An arbitration court has ruled China has no historic title over the waters of the South China Sea and breached the Philippines' sovereign rights with its actions, infuriating Beijing which dismissed the case as a farce.
A defiant China, which boycotted the hearings at the Permanent Court of Arbitration in The Hague, vowed again to ignore Tuesday's ruling and said its armed forces would defend its sovereignty and maritime interests.
China's state-run Xinhua news agency said shortly before the ruling, that a Chinese civilian aircraft successfully tested two new airports in the disputed Spratly Islands.
And China's Defence Ministry said a new guided missile destroyer was formally commissioned at a naval base on the southern island province of Hainan, which has responsibility for the South China Sea.
A statement from the office of Australia's Minister for Foreign Affairs Julie Bishop late on Tuesday said the ruling was "an important test for how the region can manage disputes peacefully" and reminded both nations "adherence to international law is the foundation for peace, stability and prosperity in East Asia".
Australia will continue to exercise freedom of navigation and overflight in the area, and supported the "right of others to do so", the statement said.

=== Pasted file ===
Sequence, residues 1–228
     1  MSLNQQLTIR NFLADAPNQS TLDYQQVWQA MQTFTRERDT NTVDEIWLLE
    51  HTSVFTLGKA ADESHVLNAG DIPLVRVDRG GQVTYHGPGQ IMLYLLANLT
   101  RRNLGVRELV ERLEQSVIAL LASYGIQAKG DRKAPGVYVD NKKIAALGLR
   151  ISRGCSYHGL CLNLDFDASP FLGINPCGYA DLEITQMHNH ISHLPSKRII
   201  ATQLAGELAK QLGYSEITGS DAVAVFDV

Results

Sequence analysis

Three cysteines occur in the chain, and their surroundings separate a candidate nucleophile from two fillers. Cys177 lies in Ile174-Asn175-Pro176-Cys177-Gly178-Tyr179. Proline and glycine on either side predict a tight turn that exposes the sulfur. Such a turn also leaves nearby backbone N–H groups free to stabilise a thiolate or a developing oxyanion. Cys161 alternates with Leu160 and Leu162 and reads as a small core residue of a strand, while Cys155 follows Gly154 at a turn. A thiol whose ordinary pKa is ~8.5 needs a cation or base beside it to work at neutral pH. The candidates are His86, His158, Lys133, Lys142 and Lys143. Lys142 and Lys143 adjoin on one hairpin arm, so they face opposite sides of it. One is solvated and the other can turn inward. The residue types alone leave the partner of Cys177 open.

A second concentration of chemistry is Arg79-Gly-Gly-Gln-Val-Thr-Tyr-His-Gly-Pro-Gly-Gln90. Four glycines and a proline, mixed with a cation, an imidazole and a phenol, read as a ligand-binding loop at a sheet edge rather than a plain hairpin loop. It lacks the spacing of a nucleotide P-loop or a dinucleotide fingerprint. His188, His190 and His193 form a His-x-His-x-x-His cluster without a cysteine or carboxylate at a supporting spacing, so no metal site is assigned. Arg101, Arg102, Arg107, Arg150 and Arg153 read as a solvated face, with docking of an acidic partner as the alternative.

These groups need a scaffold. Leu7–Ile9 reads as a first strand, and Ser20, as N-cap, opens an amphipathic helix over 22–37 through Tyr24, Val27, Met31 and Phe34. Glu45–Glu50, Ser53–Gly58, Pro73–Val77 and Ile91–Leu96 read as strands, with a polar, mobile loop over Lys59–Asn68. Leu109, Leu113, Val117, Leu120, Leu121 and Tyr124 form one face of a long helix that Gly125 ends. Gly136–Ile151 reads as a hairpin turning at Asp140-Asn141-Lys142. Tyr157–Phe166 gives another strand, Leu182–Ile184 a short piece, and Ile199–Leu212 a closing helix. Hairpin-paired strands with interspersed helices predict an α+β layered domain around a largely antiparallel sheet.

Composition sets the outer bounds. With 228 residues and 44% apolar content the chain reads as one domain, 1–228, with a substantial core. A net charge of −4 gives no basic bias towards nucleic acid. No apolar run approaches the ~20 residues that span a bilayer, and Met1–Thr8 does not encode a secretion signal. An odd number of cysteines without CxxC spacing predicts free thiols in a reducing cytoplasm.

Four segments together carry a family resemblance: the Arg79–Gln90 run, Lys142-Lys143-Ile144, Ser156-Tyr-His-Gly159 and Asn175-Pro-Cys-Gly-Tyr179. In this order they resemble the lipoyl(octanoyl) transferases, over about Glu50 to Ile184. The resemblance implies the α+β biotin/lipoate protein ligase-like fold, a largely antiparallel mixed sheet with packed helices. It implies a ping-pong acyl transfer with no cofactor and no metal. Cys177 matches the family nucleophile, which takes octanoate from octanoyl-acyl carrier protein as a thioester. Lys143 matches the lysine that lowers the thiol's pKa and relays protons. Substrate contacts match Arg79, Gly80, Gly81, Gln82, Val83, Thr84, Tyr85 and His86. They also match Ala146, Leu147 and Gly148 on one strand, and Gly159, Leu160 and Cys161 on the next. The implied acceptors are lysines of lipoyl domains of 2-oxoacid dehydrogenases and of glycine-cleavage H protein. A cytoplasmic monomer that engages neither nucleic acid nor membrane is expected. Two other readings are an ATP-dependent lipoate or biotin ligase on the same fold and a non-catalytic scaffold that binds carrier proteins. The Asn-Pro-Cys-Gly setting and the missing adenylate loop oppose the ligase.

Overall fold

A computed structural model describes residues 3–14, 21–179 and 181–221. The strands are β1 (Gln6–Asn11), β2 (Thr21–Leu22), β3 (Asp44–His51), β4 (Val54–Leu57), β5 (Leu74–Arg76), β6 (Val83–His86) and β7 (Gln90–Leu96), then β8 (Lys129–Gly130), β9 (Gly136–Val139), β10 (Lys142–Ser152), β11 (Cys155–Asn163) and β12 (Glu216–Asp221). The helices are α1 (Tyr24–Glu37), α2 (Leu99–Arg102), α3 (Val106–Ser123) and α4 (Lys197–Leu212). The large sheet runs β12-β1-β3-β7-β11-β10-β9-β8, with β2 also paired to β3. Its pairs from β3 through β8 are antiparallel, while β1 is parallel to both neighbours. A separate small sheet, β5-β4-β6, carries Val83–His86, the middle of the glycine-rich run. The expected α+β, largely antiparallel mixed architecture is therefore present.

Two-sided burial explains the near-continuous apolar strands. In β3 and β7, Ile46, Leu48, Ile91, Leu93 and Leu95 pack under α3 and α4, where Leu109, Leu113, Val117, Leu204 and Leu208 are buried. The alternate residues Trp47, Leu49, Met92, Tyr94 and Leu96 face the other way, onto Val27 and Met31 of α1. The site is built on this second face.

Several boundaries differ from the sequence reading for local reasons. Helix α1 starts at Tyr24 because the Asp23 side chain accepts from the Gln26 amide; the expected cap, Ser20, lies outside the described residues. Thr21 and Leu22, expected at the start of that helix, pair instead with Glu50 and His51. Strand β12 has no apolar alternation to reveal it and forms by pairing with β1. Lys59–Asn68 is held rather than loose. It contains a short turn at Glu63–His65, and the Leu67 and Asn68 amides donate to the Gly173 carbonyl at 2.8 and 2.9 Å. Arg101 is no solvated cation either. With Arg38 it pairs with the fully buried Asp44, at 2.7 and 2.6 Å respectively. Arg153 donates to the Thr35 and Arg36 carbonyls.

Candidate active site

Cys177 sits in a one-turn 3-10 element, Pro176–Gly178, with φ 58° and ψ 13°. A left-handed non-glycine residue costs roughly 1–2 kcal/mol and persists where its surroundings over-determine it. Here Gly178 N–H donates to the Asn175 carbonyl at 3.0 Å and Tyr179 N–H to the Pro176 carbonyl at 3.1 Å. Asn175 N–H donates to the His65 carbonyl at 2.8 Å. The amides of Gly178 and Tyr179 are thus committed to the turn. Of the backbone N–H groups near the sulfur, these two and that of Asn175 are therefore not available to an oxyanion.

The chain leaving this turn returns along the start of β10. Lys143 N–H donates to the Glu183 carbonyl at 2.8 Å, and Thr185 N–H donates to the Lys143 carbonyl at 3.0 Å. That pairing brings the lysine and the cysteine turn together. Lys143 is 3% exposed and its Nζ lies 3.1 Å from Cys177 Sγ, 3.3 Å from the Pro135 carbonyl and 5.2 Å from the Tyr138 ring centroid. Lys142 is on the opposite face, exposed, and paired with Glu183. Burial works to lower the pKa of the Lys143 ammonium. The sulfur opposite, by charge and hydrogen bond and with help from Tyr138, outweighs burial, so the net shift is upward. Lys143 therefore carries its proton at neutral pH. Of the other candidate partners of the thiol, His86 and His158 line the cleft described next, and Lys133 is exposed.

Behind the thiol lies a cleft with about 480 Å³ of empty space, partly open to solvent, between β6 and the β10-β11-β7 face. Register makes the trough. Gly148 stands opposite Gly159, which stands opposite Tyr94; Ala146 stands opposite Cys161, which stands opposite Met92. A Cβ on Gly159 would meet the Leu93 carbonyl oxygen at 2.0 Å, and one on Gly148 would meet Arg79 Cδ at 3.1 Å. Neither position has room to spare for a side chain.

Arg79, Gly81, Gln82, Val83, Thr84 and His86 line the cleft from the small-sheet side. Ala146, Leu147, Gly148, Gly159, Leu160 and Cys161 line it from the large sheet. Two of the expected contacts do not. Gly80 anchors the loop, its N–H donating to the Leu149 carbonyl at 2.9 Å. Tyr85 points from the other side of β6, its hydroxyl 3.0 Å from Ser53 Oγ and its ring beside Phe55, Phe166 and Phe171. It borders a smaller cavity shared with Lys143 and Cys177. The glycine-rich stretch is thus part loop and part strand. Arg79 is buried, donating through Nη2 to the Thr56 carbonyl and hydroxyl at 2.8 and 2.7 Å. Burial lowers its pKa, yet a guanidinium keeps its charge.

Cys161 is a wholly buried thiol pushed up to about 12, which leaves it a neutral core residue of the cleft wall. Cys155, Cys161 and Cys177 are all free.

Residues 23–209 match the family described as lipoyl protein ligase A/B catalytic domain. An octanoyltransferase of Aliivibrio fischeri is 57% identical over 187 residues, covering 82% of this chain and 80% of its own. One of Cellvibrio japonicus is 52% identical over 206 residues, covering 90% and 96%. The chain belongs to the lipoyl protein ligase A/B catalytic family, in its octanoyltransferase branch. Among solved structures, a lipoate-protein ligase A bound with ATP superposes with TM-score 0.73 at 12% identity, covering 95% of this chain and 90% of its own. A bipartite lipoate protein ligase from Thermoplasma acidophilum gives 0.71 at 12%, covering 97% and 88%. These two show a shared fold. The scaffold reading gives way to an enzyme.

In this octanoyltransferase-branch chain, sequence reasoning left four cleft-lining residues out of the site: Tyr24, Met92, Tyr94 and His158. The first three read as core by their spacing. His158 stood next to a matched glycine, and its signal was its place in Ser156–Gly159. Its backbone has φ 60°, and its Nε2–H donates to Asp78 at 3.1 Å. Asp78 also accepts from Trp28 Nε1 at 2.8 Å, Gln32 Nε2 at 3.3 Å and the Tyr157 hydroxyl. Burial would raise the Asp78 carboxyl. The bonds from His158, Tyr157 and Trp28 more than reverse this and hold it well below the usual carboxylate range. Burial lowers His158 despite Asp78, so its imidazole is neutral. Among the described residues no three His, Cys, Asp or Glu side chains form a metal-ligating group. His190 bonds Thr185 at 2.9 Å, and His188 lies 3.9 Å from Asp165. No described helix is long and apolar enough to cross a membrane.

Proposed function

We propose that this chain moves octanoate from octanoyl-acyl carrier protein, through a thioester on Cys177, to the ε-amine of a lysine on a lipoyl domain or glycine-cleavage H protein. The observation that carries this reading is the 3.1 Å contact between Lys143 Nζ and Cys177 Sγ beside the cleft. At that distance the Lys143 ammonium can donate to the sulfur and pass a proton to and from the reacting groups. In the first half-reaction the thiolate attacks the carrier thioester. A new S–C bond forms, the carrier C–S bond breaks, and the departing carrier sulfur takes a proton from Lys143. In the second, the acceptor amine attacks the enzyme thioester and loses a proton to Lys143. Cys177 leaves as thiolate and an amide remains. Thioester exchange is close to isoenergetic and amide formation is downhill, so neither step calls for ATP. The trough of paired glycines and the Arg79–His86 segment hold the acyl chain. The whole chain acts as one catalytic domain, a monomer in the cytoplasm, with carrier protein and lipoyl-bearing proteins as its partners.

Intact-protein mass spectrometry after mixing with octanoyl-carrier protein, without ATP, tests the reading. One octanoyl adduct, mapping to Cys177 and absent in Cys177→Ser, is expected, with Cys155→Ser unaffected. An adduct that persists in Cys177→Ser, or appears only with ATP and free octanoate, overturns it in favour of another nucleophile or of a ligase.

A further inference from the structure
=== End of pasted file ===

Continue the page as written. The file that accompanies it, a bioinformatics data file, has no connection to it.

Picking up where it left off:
The United States, which China has accused of fuelling tensions and militarising the region with patrols and exercises, urged parties to comply with the legally binding ruling and avoid provocations.
US officials have previously said they feared China may respond to the ruling by declaring an air defence identification zone in the South China Sea, as it did in the East China Sea in 2013, or by stepping up its building and fortification of artificial islands.
China claims most of the energy-rich waters through which about $6.8 trillion in ship-borne trade passes every year.
Brunei, Malaysia, the Philippines, Taiwan and Vietnam also have claims.
China's Foreign Ministry rejected the ruling, saying its people had more than 2000 years of history in the South China Sea, that its islands did have exclusive economic zones and that it had announced to the world its "dotted line" map in 1948.
However, the ministry also repeated that China respected and upheld the freedom of navigation and overflight and that China was ready to keep resolving the disputes peacefully through talks with states directly concerned.
The ruling is significant as it is the first time that a legal challenge has been brought in the dispute, which covers some of the world's most promising oil and gas fields and vital fishing grounds.
It reflects the shifting balance of power in the 3.5 million sq km sea, where China has been expanding its presence by building artificial islands and dispatching patrol boats that keep Philippine fishing vessels away.
Japan said the ruling was legally binding and final.
The court has no power of enforcement, but a victory for the Philippines could spur Taiwan, Vietnam, Malaysia and Brunei to file similar cases.